If you were to ask, most people would have an idea about what fats, eggs and sugar are. Mixed with some flour, you will get an off-white, squishy mixture called dough, which is one of the most common items in baking.

In the US, a cookie mixture is referred to as dough much like bread dough; whereas in Europe, wheat flour-based mixtures are classified as batter, paste or dough.

Getting the perfect dough can be a tricky thing. Too many eggs added into it can actually toughen the mixture; resulting in a finished product that is not so kind on the teeth. in yeast-raised dough, eggs can lend a softening effect, making it easier when chewing. This may seem inconsequential but in reality the roles played by the above-mentioned ingredients can be different. Here is how the three key ingredients perform in baking.

Fats – Examples of fats can be butter, margarine and lard.

Shortening effect

The short eating quality of wheat flour products is the result of shortening the gluten strands by fats. It keeps the product or food soft after baking. For example, in roti canai, the very ‘short’ eating quality is the result of very high amounts of fat in the dough.


Open texture

When fats are used in the creaming method as in butter cakes, sugar actually creates air bubbles as they are being struck into the fat. These air bubbles will be expanded during baking to lift the batter and give that lighter, airy feel of the product. It is why they look fluffy and white!



Sometimes, you bite into a cookie and taste its delicious, buttery goodness. It is this flavour and texture that makes butter one of the most desired fats in baking through the centuries. The discovery of butter was the result of intentional separation of fat from cream. Its delicious flavor lends an unmistakable quality to many baked products.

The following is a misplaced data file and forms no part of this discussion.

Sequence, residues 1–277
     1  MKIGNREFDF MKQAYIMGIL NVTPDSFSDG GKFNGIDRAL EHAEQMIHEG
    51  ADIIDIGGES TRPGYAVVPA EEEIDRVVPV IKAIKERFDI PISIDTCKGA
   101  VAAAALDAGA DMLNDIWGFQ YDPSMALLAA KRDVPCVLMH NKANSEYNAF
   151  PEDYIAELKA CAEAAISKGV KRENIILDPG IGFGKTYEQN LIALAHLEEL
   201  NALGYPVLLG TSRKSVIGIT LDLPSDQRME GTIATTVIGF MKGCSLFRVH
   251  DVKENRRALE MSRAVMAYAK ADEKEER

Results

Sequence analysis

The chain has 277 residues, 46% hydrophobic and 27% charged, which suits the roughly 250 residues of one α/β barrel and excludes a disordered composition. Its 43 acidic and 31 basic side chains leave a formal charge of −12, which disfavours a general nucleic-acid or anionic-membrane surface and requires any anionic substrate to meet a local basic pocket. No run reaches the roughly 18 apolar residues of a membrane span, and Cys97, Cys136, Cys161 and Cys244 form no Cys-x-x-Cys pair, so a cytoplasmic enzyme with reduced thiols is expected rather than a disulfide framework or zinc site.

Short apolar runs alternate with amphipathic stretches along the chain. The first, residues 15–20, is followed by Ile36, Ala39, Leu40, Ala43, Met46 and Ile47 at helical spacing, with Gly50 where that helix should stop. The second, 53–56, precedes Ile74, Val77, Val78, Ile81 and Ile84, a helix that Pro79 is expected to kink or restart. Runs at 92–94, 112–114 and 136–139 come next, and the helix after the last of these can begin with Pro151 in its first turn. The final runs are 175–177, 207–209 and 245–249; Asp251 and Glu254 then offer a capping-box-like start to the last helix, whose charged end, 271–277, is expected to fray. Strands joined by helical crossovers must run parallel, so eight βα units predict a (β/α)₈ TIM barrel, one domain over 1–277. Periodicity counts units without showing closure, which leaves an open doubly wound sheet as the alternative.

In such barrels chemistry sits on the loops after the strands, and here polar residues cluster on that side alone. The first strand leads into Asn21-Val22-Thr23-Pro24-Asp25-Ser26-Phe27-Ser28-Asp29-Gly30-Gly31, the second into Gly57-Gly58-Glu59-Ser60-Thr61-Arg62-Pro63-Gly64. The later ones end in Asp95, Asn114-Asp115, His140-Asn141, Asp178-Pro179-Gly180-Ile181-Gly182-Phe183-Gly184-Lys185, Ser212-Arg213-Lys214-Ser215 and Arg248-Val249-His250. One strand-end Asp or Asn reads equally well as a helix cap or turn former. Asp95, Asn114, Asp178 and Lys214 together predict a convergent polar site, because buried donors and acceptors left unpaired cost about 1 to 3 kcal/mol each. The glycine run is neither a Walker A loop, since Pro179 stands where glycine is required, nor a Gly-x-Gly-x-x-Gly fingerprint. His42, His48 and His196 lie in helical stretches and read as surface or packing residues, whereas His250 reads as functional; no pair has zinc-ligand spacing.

Eggs – There is an anecdote that if a hen was to retire and stop laying eggs, many a pastry cook would end up jobless. It is such an essential ingredient that one just cannot do without!


Forming foam

When whipped, eggs form a foam and this very quality has been capitalised by pastry cooks as a raising agent before the advent of baking powders.


Giving colour

We often do not give the egg wash a thought but it is the humble egg that imparts that attractive hue to baked products. When brushed with it, any pastry would have the delicious golden tinge the custard or sponges have.


Flavor imparting

While other types of eggs can be used to some extent, the chicken egg is the most desired because of its highly acceptable flavour.

Sugar – and the world would be a lesser place without it. An old French chef once said ‘a little sugar and a little salt does nobody any harm’.


Creating an open texture

During the creaming process of cake batter, sugar partners with fat to create the air pockets that allow air to be incorporated as part of the batter. Air, in turn, is expanded during baking to give the lift that gives the final product its spongy texture.



Sugar when burnt to some degree, turns into caramel and this is what gives baked or roasted products that unmistakable, delicious flavour. What would a crème brulee would be without caramel?



Because of its caramelising property, sugar lends to baked products a hue that is very attractive to the eyes.


A sweetening agent

Many of the sweets and even savoury foods we enjoy today would not be possible without sugar. Sugar can sometimes be replace by honey, however, white sugar is an entirely pure product that has only one role: to sweeten.


Hygroscopic effect

Sugar also has a hygroscopic quality as it draws moisture from the air and melts itself down. Because of this, cakes or pastries that have higher sugar content will keep moist longer.

All in all, it is evident in baking that every ingredient, no matter how big or small, plays an important role even though each ingredient individually has its unique characteristics. It is how different ingredients come together in that wonderful, delicious way to create the food we have come to enjoy since the beginning of time.